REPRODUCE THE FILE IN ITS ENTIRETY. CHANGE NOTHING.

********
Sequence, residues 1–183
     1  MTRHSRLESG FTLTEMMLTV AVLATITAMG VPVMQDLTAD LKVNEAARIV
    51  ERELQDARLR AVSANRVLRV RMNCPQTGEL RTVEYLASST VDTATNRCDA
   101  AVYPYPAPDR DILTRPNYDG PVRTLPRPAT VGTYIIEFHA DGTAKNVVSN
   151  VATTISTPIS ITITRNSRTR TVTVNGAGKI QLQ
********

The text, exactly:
Sequence, residues 1–183
     1  MTRHSRLESG FTLTEMMLTV AVLATITAMG VPVMQDLTAD LKVNEAARIV
    51  ERELQDARLR AVSANRVLRV RMNCPQTGEL RTVEYLASST VDTATNRCDA
   101  AVYPYPAPDR DILTRPNYDG PVRTLPRPAT VGTYIIEFHA DGTAKNVVSN
   151  VATTISTPIS ITITRNSRTR TVTVNGAGKI QLQ